April 28, 2001
Marshall McLuhan – whose path-breaking insights about the impact of media have been compared in importance to the work of Darwin, Einstein, and Freud – died at the threshold of the digital age in 1980.
Paul Levinson – author of The Soft Edge – delves into the lessons McLuhan holds for the new millennium. His seminal book highlights and explains the truly prophetic nature of McLuhan’s theories. Levinson shows us why and how the “Wired” generation is now turning to McLuhan’s work to better understand the global village in the digital age. We see how the Internet, in which every computer is a center for producing as well as obtaining information, is the true embodiment of McLuhan’s vision of decentralization. Levinson explores the consequences of this revolution on everything from publishing to politics, where the “gatekeepers” of old are giving way to new modes of doing business.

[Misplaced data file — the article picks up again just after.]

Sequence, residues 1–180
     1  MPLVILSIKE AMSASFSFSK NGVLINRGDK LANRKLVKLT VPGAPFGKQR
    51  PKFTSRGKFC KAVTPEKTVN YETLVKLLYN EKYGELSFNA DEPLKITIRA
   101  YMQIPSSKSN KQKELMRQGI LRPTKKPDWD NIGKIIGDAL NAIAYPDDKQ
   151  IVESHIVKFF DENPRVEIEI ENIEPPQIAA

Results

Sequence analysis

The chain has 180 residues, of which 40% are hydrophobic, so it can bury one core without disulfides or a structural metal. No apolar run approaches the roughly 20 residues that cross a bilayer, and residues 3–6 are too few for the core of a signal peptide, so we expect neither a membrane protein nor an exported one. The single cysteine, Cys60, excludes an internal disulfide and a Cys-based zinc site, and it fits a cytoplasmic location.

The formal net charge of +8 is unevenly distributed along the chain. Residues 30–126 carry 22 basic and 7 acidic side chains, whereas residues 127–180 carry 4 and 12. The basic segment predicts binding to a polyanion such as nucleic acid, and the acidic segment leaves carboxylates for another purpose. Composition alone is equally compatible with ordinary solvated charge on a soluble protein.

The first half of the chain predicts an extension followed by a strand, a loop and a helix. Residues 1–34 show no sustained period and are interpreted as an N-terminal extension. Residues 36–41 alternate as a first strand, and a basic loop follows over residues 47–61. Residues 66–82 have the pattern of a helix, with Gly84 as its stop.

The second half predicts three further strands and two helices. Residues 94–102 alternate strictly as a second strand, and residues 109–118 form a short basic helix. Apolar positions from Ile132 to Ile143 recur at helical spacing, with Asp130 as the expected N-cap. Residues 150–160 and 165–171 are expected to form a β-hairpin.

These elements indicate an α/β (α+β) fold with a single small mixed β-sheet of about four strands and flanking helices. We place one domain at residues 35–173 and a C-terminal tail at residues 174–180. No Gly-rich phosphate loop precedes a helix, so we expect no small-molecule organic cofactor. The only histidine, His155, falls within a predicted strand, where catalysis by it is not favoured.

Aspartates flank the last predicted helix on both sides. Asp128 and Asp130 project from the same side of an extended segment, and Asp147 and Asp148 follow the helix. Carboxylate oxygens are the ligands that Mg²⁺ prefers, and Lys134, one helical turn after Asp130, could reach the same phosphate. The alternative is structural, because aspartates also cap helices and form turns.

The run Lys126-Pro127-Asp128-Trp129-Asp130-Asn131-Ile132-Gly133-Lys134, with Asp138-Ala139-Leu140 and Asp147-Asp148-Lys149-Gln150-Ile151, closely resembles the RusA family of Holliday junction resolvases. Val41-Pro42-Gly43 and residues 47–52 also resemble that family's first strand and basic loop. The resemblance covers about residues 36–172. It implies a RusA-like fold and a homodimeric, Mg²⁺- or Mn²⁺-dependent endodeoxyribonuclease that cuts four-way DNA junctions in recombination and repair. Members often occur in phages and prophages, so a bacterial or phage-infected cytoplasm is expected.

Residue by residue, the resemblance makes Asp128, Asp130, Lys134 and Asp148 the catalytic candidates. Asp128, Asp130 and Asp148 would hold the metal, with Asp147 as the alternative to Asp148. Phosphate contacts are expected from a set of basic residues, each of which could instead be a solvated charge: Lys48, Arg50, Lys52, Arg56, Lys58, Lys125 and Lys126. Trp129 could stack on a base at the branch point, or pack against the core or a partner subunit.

Paul Levinson’s treatment of the economic, psychological, social, and cultural consequences of the digital revolution – buttressed by examples from headlines and motion pictures and websites, meticulously researched as well as informed by personal correspondence from McLuhan, supported by a grasp of media theory and philosophy that spans the centuries – truly makes Levinson the new McLuhan for our age.
Paul Levinson is President and founder of Connected Education, offering graduate courses on the Internet for more than a decade. He is the author of The Soft Edge (Routledge, 1997), Mind at Large (1988), Electronic Chronicles (1992) and Learning Cyberspace (1995). His science fiction stories have been nominated for Hugo, Nebula, and Sturgeon awards. He is Visiting Professor of Communications at Fordham University in New York City.